Nathan and I were meeting with one of our trusty business mentors for lunch the other day, and we started talking about some of Nathan's new logo designs for Natril Gear. Our mentor told us to be very careful with our logo, because he said it could wind up being more important and recognizable than our business's NAME. Woah!
I had not realized the importance of our logo, but with that shocking news flash, we decided it might be a good idea to spend some money and hire a graphic designer. On our way home, I was thinking of logos that are as big or bigger than their names. Any of these look familiar?
I was all excited thinking about how cool our logo was going to be...until I started making phone calls to designers. Here are the questions I asked and the good/average answers I received when talking to graphic designers about logo work:
How much does it cost for you to design a logo for our company? (Average home business: $450. Average firm: $1000.)
Do we get all file types (tiff, jpeg, png, etc)? (They should say “yes”.)
Do we get our logo in a variety of colors (black & white, all-color, 2-color, etc)? (They should say “yes”.)
How many logo ideas do you initially create for us to choose from? (Should be at least 3. Most I was offered was 10.)
How long does it take before we can see your first logo ideas? (Average was about 1 week.)
How many revisions are included in the package price? (Should be at least 2.)
Do you have examples of logos you have previously created that I can see? (This answer should definitely be “yes”. If they don’t have examples you can see, or if you don’t like their examples, don’t hire them!)
I ran my questions by nine different graphic designers, and my biggest surprise was the prices. I couldn't believe that the LOW end of the range was around $450! Sure, if we get really big like Starbucks, then it will have been a good investment to spend $450+ for a logo, but 1) we’re not big, 2) we don’t have much money, and 3) Nathan came up with some good logo ideas on his own, so we have little motivation to spend big bucks on this anyway.
And then I found Chris. Chris is a young guy with a passion for graphic design but no degree, so he just does random jobs out of his home. I liked the work he had on his website, and he said his charge for a logo was $50-$100. I knew this price was as good as I was going to find, so I told him we’d hire him. Plus, as a bonus, he's a Christian!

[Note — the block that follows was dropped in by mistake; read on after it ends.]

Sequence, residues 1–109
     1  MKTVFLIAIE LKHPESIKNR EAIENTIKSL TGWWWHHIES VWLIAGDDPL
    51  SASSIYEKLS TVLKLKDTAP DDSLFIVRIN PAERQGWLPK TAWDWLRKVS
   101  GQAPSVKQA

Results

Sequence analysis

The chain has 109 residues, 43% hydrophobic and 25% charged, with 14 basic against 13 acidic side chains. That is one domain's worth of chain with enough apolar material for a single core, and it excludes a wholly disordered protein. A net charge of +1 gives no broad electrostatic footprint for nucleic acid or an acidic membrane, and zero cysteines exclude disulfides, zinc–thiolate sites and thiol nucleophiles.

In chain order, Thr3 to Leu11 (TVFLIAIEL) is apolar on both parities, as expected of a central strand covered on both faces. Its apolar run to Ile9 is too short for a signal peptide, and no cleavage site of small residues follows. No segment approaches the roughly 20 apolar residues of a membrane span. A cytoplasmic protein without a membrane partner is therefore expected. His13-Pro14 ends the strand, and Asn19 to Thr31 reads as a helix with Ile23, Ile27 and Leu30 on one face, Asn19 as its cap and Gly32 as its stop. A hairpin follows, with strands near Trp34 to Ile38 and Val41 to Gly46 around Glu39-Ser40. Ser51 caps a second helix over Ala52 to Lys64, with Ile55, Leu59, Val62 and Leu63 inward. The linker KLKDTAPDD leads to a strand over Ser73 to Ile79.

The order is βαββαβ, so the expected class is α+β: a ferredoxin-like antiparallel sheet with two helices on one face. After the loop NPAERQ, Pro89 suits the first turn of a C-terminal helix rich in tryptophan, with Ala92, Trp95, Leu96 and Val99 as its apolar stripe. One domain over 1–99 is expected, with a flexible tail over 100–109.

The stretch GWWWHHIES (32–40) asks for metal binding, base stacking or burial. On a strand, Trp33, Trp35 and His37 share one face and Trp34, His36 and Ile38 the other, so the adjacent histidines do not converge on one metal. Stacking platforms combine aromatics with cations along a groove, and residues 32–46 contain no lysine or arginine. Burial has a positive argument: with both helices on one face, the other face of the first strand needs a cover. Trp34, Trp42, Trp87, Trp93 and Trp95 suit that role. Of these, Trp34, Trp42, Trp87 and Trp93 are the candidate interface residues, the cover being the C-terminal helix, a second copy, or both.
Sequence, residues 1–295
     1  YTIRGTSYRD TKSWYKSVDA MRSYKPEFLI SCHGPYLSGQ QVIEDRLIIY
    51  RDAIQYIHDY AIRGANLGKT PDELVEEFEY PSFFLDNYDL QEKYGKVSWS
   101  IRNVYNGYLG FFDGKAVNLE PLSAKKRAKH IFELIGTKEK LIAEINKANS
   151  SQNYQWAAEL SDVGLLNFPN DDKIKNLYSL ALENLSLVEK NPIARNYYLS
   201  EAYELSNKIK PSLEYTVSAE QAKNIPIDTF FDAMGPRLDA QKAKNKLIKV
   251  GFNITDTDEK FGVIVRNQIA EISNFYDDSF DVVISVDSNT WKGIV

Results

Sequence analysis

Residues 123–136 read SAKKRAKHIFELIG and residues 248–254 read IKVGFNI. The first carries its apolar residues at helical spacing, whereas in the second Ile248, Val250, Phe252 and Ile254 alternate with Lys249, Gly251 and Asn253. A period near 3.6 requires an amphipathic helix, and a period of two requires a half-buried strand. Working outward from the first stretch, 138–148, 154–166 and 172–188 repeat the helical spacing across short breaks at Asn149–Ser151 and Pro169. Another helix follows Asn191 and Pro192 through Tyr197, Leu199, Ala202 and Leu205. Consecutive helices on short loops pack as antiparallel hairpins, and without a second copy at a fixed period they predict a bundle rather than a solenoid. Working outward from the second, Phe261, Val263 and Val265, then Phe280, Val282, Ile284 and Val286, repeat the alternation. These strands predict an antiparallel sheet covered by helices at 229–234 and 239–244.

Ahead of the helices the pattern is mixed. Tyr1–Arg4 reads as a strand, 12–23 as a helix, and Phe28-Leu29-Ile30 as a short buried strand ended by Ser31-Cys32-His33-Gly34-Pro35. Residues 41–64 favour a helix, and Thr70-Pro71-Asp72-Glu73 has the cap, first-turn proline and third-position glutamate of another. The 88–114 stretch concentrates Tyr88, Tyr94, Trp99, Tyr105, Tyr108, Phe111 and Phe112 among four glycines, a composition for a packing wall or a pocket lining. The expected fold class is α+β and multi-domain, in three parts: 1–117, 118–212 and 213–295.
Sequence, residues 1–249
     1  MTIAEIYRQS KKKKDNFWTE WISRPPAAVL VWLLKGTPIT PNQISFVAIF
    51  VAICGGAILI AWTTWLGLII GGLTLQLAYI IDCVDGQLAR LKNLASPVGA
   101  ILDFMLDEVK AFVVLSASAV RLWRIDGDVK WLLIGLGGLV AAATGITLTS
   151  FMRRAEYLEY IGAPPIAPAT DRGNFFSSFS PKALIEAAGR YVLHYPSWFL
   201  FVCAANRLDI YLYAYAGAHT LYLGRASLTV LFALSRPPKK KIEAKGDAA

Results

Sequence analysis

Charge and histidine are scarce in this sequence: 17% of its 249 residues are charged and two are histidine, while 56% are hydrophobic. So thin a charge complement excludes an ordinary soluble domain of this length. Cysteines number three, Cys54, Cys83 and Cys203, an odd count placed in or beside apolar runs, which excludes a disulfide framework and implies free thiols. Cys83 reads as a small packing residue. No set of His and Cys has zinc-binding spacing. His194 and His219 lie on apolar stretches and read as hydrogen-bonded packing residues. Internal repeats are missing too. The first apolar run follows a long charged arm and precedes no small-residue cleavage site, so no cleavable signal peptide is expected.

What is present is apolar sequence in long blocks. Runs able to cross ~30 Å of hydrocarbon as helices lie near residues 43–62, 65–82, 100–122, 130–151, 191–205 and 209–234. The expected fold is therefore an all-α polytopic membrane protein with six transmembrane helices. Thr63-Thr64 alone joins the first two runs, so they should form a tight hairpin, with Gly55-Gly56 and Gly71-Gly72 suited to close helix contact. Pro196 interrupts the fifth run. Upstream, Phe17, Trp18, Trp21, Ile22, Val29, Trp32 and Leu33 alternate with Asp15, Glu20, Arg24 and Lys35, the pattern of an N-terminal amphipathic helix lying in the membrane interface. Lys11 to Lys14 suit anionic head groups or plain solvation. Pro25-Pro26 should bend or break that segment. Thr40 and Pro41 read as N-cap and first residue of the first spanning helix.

For me, this hiring decision was all about 2 things - the money and the talent - but there is a third criteria that’s also good to keep in mind: their knowledge of and interest in your industry. Consider each criteria like a dart in a dart board. Which ones need to be a bullseye and which are ok if they're just close to the bullseye? For me, money needed to be a bullseye, talent needed to be close, and industry knowledge would be nice but wasn't near as important as the other two.
Even though industry knowledge wasn't a big player in my decision, here's why it's a good third criteria: The designer who is also an industry insider can use their knowledge to be to fine-tune your logo (or other graphic design work) to your audience better than a designer who’s just good at design but has no real industry knowledge.
I talked with a few designers who were heavy into the bicycling industry. (In fact, one answered the phone in his spandex bike shorts – he was on his way out the door to go ride when I called!) I was very interested in working with the graphic designers who were also bicycle enthusiasts, but they were just too expensive for us, so we had to turn them down. This is a great third criteria to remember when choosing a designer, though!
Nathan and I feel like the sacrifice of industry knowledge is OK in our case. If we wind up needing a new logo to more accurately convey the idea of our company to the world-wide masses someday, then we can always create a new one. As it is, we are thrilled with the talent and price of our chosen designer.
And now to end with a funny/crazy tid-bit about the designer we will be working with, Chris.
Only a few days after my first phone call to Chris, he called me and excitedly told me that “over the weekend” he had gotten a business partner, formed a business, found office space, and was up and running as C&C Graphic Design!
As a small business owner myself, I knew how exciting this was for him, so, I gave my best congratulations. But after I hung up the phone, I couldn’t help but feel like Natril Gear was an old lady with a walker who’d just been passed up by “that C&C Graphic Design youngster” in a supersonic jet or something! Up and running “over the weekend”…amazing!